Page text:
Small business owners teach how to navigate a tight job market
In a highly competitive job market, hiring is a constant challenge for small businesses. That’s especially true for professional-services firms, where the unemployment rate is hovering around 2%.
With quality talent at a premium, it’s no surprise, a recent Kabbage survey found that payroll is the biggest expense for professional-services businesses throughout the lives of their companies. This makes it even more critical that business owners know when to hire, how to budget for payroll, and what the returns on any potential hire might be.
In this article, several Kabbage customers share the tactics they use to manage the hiring and payroll process. Learn more about hiring and other best practices for navigating your early years in business in our professional services growth guide.
Value Your Employees, Figuratively and Literally
Cristina Garza started her accounting-services business, Accountingprose, while traveling around the world with a monk who ran the organization where she served as CFO.
She’s focused on treating her employees well and paying attention to their individual needs and outside interests. But at the same time, she’s learned to gauge what each employee can add to her bottom line.
“For each employee, when they’re at their peak efficiency, we can bill three times their salary,” she says. “If I have one staff member that we’re paying $50,000 a year for salaries and benefits, we can expect a three-fold return. So we’ll have $150,000 in revenue for each head that’s in the office.”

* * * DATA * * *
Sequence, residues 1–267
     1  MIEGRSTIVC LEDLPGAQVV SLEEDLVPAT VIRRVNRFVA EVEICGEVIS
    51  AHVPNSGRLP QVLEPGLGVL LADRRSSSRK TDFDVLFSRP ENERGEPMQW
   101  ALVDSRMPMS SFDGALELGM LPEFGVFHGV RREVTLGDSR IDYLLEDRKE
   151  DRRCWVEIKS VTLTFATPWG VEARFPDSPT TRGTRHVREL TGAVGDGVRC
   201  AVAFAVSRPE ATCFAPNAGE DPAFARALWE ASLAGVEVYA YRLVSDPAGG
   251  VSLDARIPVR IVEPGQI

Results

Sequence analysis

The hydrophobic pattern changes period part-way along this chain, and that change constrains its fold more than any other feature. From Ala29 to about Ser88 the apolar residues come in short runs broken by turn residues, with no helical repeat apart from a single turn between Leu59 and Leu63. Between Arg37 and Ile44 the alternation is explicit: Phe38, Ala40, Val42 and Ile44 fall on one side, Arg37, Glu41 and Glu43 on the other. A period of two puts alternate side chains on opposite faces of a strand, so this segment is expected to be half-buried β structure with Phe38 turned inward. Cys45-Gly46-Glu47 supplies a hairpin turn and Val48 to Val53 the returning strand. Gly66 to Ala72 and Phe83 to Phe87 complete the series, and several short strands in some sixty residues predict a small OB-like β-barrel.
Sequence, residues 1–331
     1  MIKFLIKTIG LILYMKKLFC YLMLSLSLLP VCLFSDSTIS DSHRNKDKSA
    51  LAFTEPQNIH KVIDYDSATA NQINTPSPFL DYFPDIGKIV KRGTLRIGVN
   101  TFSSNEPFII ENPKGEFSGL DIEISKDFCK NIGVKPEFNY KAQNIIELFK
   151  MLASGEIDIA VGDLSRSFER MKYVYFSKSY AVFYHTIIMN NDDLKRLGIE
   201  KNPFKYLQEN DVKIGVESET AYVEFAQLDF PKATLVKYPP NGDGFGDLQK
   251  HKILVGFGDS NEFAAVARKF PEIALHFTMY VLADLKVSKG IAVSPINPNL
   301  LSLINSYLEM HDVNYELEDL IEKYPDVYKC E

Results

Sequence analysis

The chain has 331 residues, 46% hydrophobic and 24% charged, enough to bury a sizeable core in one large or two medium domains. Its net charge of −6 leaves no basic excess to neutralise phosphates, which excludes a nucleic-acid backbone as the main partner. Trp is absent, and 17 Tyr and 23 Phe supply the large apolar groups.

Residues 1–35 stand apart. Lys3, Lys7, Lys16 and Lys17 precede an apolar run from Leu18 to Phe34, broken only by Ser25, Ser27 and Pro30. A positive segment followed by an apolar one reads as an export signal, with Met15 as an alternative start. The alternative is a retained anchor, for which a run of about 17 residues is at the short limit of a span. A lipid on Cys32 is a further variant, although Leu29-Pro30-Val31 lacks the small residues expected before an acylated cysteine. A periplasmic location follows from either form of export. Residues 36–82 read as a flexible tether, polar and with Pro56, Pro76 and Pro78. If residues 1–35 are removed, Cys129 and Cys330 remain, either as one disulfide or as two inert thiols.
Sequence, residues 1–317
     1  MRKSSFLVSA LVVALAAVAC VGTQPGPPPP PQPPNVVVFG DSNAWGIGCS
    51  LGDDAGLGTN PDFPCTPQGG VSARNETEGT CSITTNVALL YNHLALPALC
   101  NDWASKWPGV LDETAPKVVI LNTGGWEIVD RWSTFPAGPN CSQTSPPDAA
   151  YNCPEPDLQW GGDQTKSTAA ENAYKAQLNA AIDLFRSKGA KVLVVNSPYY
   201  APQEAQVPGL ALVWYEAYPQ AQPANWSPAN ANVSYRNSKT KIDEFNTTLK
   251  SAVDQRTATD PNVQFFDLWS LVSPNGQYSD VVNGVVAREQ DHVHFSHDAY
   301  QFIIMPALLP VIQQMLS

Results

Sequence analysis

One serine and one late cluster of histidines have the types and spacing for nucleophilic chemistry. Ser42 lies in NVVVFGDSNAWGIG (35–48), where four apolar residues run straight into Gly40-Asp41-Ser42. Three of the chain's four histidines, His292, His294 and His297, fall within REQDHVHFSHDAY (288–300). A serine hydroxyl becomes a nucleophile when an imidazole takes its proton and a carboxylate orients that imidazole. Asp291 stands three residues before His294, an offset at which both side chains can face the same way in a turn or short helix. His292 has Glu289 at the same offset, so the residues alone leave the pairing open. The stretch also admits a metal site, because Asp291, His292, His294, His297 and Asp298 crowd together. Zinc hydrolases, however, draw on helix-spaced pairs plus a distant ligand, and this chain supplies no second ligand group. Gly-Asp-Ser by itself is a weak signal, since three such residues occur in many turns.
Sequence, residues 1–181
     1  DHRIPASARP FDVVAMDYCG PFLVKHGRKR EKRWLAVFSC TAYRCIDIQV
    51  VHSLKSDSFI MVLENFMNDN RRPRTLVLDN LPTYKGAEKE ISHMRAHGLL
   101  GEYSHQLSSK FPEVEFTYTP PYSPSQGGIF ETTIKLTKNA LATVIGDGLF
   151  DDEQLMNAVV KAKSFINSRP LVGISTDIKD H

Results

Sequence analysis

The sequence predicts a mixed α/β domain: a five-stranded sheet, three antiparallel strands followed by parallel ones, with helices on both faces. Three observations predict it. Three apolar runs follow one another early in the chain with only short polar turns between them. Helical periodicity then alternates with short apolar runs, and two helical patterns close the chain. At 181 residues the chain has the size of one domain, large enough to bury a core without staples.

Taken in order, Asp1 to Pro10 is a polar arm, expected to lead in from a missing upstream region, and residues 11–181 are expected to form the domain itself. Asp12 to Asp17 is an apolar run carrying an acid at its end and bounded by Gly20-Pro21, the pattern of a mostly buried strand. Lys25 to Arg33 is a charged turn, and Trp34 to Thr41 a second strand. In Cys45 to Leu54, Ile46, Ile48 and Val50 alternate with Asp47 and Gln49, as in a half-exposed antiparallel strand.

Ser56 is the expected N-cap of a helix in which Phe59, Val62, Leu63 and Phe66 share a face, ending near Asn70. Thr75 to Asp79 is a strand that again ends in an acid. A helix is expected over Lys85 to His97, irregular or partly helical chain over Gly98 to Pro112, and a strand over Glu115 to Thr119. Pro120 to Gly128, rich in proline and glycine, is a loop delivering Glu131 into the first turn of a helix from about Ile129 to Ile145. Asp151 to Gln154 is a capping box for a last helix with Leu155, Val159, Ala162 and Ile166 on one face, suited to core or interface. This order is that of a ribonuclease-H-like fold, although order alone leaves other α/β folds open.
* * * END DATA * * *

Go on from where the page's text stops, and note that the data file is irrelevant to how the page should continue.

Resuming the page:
Bring Your New Hires Along Slowly
Hiring and developing employees is a consistent challenge for Steve Gazda, owner of a Farmers’ Insurance firm in East McKeesport, Pennsylvania.
He’s constantly changing job descriptions for his existing employees as the company grows. Recently, he’s begun advertising for entry-level and part-time positions, with the hope of eventually developing them into salespeople down the line.
“People are scared when they see the words ‘insurance agent,’ in a job listing,” he says. “But I say, ‘Look, we’ll show you what we do in our business. Six months to a year down the road, we’ll get you your insurance license. And if it’s not a good fit for you and you don’t want to do it, well fine, we’ll still always have a part-time position for you here.’”
The More You Hire, the More You’ll Get Back
Kevin Hennessey has always sought to hire aggressively as he’s grown Brabo Payroll, his Plymouth, Massachusetts-based payroll-services firm. He invested $100,000 of his own money in order to bring on an initial sales staff.
“I constantly push money back into the company,” he says. “Because the later in the game you take it out, the more money you’re going to have.”
But Kevin actually wished he’d been even more aggressive about hiring in those early years.
Kevin’s learned that hiring one salesperson at a time actually slows him down—and winds up costing him more money for training costs in the long-term.
“I think reactively hiring puts you in a worse position to get capital,” he says. “If I can get a capital stimulus, hire 10 or 15 people and train them all at once, it’ll take about four months for them to get up to speed. And then we can make a big push toward more growth.”